This research explores whether improved training for practitioners can result in more effective interviews of child witnesses.
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Children are traditionally seen as unreliable witnesses (Brown and Lamb in Kuehnle, K and Connell, M, 2009) and their access to effective criminal justice is limited.
Outcomes in criminal cases involving children demonstrate high levels of non-disclosure amongst child victims, high acquittal rates and poor reported experiences of interview amongst other concerns (NSPCC, 2014; SECASA, 2011; Daly, K. 2011; Cross et al, 2003).
The aim of the project is to explore whether a better understanding of the impact of trauma on children, when applied in practice, results in achieving better outcomes. These outcomes are specifically whether children are enabled to give clear and consistent information about their experience and that this in turn is of benefit to the child, criminal and civil justice processes, and risk assessment and management of offenders.
A review of current global practices will be undertaken to consider the history and development of forensic interviews for children, the desired and expected outcomes for justice, child rights and welfare. The review will include consideration of the outcomes for more marginalised groups of children, in particular disabled children and children from care backgrounds, with the aim of establishing whether access to the current system is more limited for some children than for others.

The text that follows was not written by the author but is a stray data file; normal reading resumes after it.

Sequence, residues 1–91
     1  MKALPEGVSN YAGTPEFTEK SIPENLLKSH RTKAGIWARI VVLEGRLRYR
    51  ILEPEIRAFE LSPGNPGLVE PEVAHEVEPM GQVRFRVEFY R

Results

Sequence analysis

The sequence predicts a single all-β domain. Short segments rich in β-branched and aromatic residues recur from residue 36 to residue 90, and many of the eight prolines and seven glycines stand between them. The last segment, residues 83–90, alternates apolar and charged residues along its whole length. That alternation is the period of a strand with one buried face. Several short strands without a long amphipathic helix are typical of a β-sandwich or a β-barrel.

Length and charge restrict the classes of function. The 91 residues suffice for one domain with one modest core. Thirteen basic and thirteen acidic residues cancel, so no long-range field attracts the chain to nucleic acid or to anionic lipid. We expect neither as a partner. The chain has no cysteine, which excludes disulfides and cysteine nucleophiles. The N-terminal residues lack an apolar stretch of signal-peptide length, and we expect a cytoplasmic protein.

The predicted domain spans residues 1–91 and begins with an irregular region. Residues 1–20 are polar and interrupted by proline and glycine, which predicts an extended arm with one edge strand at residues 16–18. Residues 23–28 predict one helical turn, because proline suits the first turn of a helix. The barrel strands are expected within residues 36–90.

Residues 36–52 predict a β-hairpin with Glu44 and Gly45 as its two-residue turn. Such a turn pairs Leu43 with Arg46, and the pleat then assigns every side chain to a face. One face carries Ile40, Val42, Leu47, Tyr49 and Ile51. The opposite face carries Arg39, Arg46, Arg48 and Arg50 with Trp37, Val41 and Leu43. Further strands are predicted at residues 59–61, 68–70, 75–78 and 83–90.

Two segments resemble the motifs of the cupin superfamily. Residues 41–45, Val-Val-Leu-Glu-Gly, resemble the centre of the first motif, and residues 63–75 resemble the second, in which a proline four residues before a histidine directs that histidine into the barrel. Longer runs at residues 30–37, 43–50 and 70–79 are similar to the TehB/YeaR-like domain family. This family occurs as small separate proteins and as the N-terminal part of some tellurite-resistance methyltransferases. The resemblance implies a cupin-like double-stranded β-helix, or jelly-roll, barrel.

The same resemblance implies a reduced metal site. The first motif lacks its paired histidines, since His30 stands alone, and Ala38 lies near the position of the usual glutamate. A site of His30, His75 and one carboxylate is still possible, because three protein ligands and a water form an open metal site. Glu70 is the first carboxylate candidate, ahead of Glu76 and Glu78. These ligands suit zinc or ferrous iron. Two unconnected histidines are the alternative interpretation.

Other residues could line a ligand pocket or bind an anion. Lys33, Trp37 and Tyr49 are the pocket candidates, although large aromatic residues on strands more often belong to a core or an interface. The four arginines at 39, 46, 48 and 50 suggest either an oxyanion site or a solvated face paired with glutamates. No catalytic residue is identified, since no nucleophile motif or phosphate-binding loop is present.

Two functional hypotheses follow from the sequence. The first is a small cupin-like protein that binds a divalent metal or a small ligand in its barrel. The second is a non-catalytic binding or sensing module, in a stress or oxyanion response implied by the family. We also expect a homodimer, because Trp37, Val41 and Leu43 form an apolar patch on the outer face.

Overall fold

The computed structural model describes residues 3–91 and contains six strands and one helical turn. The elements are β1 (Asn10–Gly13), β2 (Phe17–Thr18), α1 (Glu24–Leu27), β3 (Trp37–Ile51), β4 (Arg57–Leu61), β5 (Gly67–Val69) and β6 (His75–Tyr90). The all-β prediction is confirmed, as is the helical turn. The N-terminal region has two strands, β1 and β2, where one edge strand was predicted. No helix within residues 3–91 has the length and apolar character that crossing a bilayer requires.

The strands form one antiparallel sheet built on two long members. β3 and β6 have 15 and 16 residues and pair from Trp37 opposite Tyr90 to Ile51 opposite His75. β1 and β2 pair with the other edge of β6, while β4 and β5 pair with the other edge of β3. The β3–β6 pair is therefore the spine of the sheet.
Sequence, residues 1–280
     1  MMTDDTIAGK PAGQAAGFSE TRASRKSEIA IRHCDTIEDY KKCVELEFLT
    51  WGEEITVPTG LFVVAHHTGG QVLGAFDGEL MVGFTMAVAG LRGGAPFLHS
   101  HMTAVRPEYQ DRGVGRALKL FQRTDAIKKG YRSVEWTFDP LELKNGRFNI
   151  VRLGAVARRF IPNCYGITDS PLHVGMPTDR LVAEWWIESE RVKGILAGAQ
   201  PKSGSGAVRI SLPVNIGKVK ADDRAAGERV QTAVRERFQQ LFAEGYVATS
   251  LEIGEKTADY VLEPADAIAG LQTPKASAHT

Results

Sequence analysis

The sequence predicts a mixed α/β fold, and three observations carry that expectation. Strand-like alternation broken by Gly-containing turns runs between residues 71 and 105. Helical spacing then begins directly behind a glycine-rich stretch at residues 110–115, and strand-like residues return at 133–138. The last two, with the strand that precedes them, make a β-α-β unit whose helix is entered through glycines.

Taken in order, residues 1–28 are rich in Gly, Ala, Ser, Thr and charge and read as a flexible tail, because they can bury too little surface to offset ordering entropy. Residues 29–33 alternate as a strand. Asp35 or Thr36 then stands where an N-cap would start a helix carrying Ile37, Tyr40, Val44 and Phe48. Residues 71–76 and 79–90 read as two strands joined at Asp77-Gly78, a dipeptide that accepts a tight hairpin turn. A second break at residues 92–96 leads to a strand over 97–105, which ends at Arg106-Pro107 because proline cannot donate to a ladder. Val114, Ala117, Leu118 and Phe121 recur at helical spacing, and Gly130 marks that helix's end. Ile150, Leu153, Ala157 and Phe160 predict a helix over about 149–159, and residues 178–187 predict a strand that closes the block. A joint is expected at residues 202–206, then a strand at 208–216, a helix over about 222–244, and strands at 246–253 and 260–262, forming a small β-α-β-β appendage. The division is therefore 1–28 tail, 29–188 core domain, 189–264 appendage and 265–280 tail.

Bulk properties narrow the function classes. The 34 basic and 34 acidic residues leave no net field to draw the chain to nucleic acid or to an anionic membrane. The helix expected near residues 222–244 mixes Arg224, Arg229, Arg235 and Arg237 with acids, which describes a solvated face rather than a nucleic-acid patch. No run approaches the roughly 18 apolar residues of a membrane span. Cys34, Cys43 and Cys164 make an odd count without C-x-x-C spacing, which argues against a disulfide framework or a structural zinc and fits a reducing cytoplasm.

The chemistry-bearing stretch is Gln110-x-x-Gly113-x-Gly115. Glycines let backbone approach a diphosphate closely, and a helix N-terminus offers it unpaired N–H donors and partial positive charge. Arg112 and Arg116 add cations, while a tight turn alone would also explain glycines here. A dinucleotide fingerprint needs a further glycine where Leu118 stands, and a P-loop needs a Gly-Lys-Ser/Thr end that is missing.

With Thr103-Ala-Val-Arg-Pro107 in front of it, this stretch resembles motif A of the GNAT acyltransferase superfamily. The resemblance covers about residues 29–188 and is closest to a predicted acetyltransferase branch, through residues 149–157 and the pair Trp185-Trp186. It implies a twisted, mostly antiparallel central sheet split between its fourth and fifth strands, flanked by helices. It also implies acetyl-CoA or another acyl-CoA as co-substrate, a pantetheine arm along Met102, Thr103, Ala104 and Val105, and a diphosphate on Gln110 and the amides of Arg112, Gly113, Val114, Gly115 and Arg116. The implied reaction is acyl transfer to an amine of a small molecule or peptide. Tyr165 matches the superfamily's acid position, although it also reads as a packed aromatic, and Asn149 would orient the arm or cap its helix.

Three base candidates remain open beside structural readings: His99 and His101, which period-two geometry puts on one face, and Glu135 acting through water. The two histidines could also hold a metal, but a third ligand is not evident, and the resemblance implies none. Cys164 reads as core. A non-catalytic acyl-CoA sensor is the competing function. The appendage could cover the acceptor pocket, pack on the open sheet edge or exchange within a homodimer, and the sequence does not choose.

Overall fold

Following the review and exploration of current practice and professional attitudes, a training programme based on enhancing practitioners’ knowledge of trauma, resilience and recovery for children who have been abused will be developed and delivered to 20 participants.
The proposed method of analysis would include pre and post training analysis, interviews of professionals and collation of publicly available information.
Focus groups, interviews and training and evaluation of the theoretical perspective with professionals will allow testing and building of the theory to respond to the real life situation. The choice of a qualitative action research component is particularly helpful in engaging practitioners and researcher together in diagnosing, intervening and reflecting to resolve the problems (Avison et al, 1999).